Trade volume between Nigeria and the United States as at August 2019 was $5.21 billion, representing 37.2 percent drop from $8.3 billion recorded in 2018.
Speaking at the 2019 Lagos Chamber of Commerce and Industry (LCCI) International Investment Conference held in Lagos on Wednesday, Claire Pierangelo, US consul general, who was represented by Christine Kelley, US commercial attaché, said the US was one of Nigeria’s largest trading partners, and tasked the Nigerian government to create the enabling environment to attract both local and foreign investors
In 2018, Nigeria’s Foreign Direct Investment fell to $2.2 billion, from $3.5 billion the previous year, according to the United Nations Conference on Trade and Development.
Pierangelo advised that any nation clamouring for fresh FDIs must prioritise development of infrastructure, security, intellectual property protection and incentivise local and foreign investors.
Earlier, Babatunde Ruwase, president, LCCI, said the theme for the conference tagged ‘Promoting investment, connecting businesses’ was appropriate as the Nigerian economy was in dire need of private investments to move the economy forward, stressing that investments would help to create jobs, diversify the economy, grow government revenue and improve the welfare of the people.
According to Ruwase, Nigeria’s recovery from recession in the second quarter of 2017 had elicited calls for policies that would support sustainable growth and development, adding that steps had been taken and policies put in place to ensure revamping of the economy through the promotion of industrialisation and non-oil export policies for sustainable economic recovery.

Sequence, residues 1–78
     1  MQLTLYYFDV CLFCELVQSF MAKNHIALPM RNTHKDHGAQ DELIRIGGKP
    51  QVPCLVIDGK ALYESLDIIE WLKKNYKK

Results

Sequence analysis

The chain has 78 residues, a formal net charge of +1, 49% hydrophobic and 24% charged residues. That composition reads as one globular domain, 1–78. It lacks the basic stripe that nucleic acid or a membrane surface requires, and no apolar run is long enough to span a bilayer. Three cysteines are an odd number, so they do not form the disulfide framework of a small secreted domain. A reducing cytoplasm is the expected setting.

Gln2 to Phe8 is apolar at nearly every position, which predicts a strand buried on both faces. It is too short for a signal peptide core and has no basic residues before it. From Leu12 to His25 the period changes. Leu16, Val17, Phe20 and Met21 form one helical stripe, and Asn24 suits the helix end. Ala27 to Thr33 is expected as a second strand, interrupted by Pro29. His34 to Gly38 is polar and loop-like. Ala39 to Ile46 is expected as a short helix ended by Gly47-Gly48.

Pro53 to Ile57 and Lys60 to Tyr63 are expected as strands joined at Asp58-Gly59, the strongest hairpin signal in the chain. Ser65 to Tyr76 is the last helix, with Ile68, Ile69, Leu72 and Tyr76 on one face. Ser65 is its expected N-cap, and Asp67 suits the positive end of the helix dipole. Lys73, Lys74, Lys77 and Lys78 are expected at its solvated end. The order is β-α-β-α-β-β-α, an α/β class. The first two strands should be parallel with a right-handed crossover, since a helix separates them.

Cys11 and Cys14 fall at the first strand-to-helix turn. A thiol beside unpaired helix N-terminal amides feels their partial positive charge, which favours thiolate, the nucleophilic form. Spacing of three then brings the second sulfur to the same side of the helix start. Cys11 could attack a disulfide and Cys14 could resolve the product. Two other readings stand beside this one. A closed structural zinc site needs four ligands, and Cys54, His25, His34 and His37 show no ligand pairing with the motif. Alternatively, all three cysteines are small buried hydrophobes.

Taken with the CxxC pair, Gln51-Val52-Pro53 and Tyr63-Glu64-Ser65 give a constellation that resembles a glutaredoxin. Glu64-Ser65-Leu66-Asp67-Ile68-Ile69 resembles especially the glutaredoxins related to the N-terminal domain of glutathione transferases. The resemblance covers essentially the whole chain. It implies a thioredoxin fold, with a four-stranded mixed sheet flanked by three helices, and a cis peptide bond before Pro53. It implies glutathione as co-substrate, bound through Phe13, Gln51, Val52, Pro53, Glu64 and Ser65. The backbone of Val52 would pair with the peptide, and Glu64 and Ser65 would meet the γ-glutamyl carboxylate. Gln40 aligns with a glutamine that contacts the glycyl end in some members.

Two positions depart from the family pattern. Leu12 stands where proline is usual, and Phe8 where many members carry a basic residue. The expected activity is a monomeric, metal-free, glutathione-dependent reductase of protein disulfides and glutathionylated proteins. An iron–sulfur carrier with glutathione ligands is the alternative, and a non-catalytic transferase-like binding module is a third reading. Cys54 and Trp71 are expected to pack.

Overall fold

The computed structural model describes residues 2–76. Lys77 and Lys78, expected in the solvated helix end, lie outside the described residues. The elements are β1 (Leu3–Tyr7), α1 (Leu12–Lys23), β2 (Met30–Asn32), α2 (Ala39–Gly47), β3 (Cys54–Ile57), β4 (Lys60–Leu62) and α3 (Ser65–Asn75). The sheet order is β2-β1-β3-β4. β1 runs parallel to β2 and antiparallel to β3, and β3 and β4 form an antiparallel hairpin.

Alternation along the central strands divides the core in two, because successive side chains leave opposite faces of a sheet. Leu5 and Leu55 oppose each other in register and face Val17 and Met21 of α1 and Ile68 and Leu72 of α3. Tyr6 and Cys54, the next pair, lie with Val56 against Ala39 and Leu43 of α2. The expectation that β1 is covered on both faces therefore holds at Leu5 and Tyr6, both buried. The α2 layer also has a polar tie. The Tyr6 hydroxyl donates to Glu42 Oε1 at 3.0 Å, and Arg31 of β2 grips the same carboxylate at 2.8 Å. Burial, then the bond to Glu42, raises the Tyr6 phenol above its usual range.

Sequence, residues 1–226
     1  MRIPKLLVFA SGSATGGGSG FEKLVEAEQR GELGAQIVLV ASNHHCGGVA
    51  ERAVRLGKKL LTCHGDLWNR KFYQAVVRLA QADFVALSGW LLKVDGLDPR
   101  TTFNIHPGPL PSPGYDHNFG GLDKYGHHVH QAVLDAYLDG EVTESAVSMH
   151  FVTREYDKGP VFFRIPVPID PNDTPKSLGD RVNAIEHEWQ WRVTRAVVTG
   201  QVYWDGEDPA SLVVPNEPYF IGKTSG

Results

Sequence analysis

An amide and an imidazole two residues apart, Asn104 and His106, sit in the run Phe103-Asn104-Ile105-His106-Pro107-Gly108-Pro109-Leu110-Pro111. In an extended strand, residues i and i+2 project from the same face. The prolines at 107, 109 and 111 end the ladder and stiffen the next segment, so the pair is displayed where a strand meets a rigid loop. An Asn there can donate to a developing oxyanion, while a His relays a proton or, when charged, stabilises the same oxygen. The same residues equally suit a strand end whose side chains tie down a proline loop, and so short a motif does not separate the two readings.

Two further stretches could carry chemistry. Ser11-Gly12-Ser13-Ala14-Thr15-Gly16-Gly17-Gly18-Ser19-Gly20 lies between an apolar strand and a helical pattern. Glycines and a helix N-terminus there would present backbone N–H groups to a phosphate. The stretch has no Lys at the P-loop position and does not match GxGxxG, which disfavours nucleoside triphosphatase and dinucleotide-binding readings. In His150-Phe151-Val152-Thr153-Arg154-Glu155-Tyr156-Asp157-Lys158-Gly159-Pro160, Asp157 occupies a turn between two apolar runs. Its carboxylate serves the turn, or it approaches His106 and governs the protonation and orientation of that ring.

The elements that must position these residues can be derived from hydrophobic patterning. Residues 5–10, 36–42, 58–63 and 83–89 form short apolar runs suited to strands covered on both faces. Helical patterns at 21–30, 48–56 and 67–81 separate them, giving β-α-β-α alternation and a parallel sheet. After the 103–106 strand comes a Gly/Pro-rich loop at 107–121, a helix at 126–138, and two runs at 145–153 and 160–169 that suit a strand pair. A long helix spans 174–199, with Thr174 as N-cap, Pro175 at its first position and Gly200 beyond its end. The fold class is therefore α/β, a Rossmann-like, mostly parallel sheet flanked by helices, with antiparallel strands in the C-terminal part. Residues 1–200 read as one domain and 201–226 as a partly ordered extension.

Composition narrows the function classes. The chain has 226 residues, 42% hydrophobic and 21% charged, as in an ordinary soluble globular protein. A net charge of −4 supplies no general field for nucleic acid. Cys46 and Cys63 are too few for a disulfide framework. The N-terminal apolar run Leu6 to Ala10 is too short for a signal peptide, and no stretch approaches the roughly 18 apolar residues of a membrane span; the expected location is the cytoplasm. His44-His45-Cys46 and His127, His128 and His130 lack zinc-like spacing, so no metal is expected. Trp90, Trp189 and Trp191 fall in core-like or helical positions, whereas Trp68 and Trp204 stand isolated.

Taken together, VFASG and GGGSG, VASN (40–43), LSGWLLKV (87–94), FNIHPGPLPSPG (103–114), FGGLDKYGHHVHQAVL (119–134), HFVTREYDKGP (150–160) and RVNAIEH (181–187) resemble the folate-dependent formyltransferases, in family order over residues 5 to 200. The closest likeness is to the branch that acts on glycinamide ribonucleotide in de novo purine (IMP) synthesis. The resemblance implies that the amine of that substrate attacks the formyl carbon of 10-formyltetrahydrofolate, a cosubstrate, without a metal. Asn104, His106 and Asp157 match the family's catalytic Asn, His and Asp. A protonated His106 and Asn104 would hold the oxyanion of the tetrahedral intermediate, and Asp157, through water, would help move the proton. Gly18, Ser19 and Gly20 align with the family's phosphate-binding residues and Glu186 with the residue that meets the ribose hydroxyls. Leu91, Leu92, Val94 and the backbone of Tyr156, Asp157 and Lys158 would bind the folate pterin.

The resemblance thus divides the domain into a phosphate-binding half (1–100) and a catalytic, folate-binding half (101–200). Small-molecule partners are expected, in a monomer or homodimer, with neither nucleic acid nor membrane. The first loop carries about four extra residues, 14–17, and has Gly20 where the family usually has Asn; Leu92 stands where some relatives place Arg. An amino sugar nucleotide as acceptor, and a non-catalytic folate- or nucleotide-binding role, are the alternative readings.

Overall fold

“However, if the recovery is to be sustained, there must be added drive for domestic and foreign direct investments, promotion of non-oil exports and continued efforts at improving the ease of doing business in Nigeria,” he said.
He noted that it was critical that the government provide an enabling environment that would encourage investors to bet in the Nigerian economy by addressing the security challenges in the country and ensuring improved regulatory framework.
Bongo Adi, senior lecturer, Department of Economics and Business Intelligence, Lagos Business School, said although Nigeria had moved up the ladder on the World Bank Doing Business Index, growth was still not inclusive.
He said Nigeria’s return on investment (RoI) remained the highest in Africa, but was yet to give the country an advantage it deserved, adding that key determinants for FDI were trade, capital inflow and Diaspora remittances